And so my list became my friend again.

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One of the things we’re told about maintaining (or losing) weight to keep our physical health in good shape is that it’s not just about what we eat, but also about portion size.

Exhibit A: It’s summer, and who doesn’t like ice cream in the summer? But how much do we really need to keep us happy … or healthy? Here are three bowls in my home. I know there are plenty of people who would fill up that yellow bowl in a heartbeat, and even the blue one is a decent portion, but I’ve found that that little green and white, handmade pottery bowl with a shape that can never really be filled suits me just fine.

Exhibit B: Just enough to feel I’ve really enjoyed some ice cream, but not so much that I am berating myself afterwards that I probably put on another pound.

While I was sitting with my journal and coffee this morning, I looked around my living room and wondered, “How much do I really need?”  If I had to pack up tomorrow and live in half the space I currently have, what would I keep? What would I – could I – let go? It was a funny thought, because every now and then we become aware of how much “stuff” we have.

Some of the stuff, we undoubtedly need – something to sleep on, some kitchen essentials, something to keep our clothes in, some books (of course), and in my case, the tools of my trade – my computer, peripherals, art supplies, etc. But where does one draw the line?

Sometimes I think I could easily get rid of half of what I own tomorrow if it were easy enough to do so, and honestly, I’d not think twice about it afterwards. As we move on in life, we accumulate stuff. But as we grow, we also outgrow much of it. Yet here it stays. Like people who have these huge two car garages, then fill them to the brim with stuff, and park their cars in the driveway. It’s incredibly common, but I cannot understand it. I don’t want to have that much stuff. And yet, in my own way, I suppose I do. Still, I’m grateful that I have no attic, no garage, and a thimble of storage space in the basement – it keeps me in check. And then there are the people who identify with their stuff.  Who they are, in their eyes, seems to depend on the luxury car, the McMansion, the trips, the designer clothing …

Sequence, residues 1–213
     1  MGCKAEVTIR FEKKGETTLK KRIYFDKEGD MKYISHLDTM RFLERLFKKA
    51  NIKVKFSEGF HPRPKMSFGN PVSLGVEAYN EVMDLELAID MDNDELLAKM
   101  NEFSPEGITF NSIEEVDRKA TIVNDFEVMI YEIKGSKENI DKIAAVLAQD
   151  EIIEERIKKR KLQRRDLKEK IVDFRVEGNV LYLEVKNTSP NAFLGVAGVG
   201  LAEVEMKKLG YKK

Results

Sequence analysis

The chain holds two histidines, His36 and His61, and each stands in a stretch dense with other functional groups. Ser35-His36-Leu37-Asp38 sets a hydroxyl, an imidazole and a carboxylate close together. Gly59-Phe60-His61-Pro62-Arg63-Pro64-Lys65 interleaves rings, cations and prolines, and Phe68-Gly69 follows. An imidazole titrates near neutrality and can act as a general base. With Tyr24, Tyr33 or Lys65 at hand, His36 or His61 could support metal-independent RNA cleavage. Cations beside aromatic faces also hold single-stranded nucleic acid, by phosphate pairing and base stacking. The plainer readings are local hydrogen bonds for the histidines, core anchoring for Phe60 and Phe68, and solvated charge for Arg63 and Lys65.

But we are never really our stuff. And getting rid of what we once thought was indispensable and who we were? it creates space for who we are now. Who we might be. Maybe it’s a thought as I grow older; maybe a thought as I want to keep finding out who I am. But portion control is starting to sound more and more appealing, because the less we need, the more space we have to spread our wings.

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This will not be a long post – just a share of the fabulous finds I collected at the county library’s huge annual book sale.

For a half hour’s drive and $24.00, I picked up the amazing selections you see here, hardbound and paperback. I do go with a list, and am happy to find anything on it, but don’t expect my top picks, especially from 2018. But I did bring home some selections from favorite authors – Lisa See, Alice Hoffman, Jodi Picoult, Barbara Kingsolver, E. Annie Proulx, and more. I also picked up a number of middle grade/YA novels including Jacqueline Woodson, Jerry Spinelli – and amazingly, the exact book by Linda Sue Park, A Long Walk to Water, that will help me in a drawing project for a client!

There are also authors I am not yet familiar with but had been hoping to find, and some I don’t know at all. There are a couple psychological thrillers, some historical fiction, science fiction, and mysteries – enough to keep me happily reading for quite some time.

In addition, I found something special for one of my doctors who is a huge reader; a hardbound replacement for a paperback version of a wonderful novel whose type is so small, it hurts my eyes —   a book I will read again; and a small volume in brand new condition that might be a little surprise for someone.

As I drove down the lovely backroads to the book sale, I couldn’t help but think that a good book and a warm and fuzzy friend to curl up with can get us through a lot of stuff in life – both good times and bad. And $24.00 isn’t much to pay to have one of those pleasures at my fingertips.

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Though I cannot take credit for them. We all experience times in our lives when people are acting badly, situations hover and sway as if on the edge of a precipice, and everything is moving too slow … or fast … or in the wrong direction. It’s just life, but from time to time it can leave us spinning.

On one such recent occasion, I removed the previous day’s page from my wonderful Wayne Dyer desk calendar, and found these wise words.

Sometimes you just have to laugh. They couldn’t have been more perfect.

It doesn’t mean that things will always be that way, or that we can’t change them, or that we can’t intend to change them. It just means that right now, it is the way they are. Point taken. And just in case it may be one of those times in your life, I figured I’d share them with you.

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Are you familiar with Little Free Library? I learned about them about 5 years or so ago, and thought it was just the most amazing idea. The concept is to have a little “house” or box of some sort which provides for the free exchange of books of any kind – sometimes these are located in areas where it’s hard for readers to get to a library; sometimes it’s a convenience for neighbors. It always promotes social exchange wherever they appear. (Pictured here, a LFL in Traverse City, Michigan.)